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Top 10 Questions to Ask When Choosing an Accountant

First Published: August 2011 | Available in: Property Articles Property Investor News Your Property Network

By specialist property accountant Stephen Fay ACA

Serious property investors should have a good accountant on their team, to minimise tax liabilities, produce accounts that help with funding and portfolio growth, and act as a trusted professional adviser. But what should property investors and landlords look for when choosing an accountant?

Clearly, it makes sense to ask the right questions when appointing any ‘supplier’ to your property business. Accountants come in all shapes and sizes, specialise in different areas, may or may not be qualified, be a people-person or a bookworm – this article covers the top 10 questions that landlords should ask to select the right accountant for them. 

1. Is the accountant genuinely an expert in their field?

This is probably the most important requirement for any property accountant – do they really know their stuff? That means that they have actual daily experience of clients just like you – many High Street accountants have some property clients, but that’s not the same as specialising in dealing with property clients. Are they able to demonstrate their expertise? Can they provide straight answers to your straight questions?

2. Is the accountant proactive?

‘Proactive’ simply means that the accountant is coming up with tax-planning and business improvement ideas – without your prompting. You as the client should feel like you are in good hands. This means that from one year-end to the next, your accountant may need to identify tax changes, and industry issues, that have a major impact on your property business. For example, the capital allowances Annual Investment Allowance is soon to drop from £100k per annum to £25k per annum – if this affects you, action is needed in advance of the reduction in allowance. Missing such a major change could mean big money is lost!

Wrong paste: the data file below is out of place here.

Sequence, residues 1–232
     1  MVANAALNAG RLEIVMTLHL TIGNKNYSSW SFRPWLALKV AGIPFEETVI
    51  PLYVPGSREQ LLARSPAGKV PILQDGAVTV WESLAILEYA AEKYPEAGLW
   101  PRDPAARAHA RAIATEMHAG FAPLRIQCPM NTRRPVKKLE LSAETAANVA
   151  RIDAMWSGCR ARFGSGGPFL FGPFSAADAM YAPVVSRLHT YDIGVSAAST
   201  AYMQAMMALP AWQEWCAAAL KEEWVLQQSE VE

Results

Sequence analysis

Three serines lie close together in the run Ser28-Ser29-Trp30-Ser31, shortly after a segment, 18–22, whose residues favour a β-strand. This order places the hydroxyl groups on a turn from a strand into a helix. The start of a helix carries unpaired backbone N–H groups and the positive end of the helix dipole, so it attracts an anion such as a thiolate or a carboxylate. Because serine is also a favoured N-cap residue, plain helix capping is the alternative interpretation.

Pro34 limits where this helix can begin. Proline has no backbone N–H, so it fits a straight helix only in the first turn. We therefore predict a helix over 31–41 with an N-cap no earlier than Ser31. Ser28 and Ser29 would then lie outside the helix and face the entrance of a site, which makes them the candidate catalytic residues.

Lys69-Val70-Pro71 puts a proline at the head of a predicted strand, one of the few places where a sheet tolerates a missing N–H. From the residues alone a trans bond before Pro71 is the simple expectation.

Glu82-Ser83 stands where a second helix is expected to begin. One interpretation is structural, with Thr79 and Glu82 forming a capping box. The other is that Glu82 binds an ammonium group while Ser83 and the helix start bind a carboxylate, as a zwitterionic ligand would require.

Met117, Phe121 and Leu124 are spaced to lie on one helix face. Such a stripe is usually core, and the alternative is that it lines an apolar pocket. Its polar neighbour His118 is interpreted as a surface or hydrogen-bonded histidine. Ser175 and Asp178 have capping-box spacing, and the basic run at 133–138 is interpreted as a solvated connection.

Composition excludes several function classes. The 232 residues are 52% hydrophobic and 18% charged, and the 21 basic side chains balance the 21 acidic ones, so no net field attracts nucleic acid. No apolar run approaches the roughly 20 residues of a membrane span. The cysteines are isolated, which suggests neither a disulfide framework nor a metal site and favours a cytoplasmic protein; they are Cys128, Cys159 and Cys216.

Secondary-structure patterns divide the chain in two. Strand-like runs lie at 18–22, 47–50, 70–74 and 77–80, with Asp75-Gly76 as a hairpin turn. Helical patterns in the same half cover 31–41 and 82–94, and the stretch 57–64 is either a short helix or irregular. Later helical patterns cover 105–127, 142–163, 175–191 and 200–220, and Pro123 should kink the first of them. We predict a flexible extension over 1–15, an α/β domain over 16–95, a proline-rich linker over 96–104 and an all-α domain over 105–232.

3. Is the accountant a property investor?

There is nothing like having your own money on the line to make sure you know your stuff! It brings the business to life and makes sure the accountant understands what matters to investors – because it matters to the accountant too! This ensures the investors and the accountants interests are aligned. Some accountants may talk a good game –but can they really understand a business that they are not involved in themselves?

4. Are they reasonably priced?

No-one has unlimited funds, and accountants have to justify their fees with advice and service that adds genuine value to investors. Some investors will always go for the cheapest provider, but that usually means that the accountant has insufficient time to proactively look for tax-planning opportunities and ways to help the investor to manage their business better – or is simply not up to the job!

Investors should be looking for the best value – not necessarily the lowest or highest price.

5. Do you feel you would get on well?

Dealing with any professional or tradesmen requires a certain rapport to ensure that the relationship works. As accountants often deal with clients on a more frequent basis than solicitors or tradesmen, and are privy to sensitive personal financial information, it’s vital that there is trust, and a mutual respect. Sometimes it’s hard to put your finger on it – but we all know when we get on with someone, and when it feels like hard work. Often it’s not anybody’s fault if the connection is not there – that’s life – you can’t force it!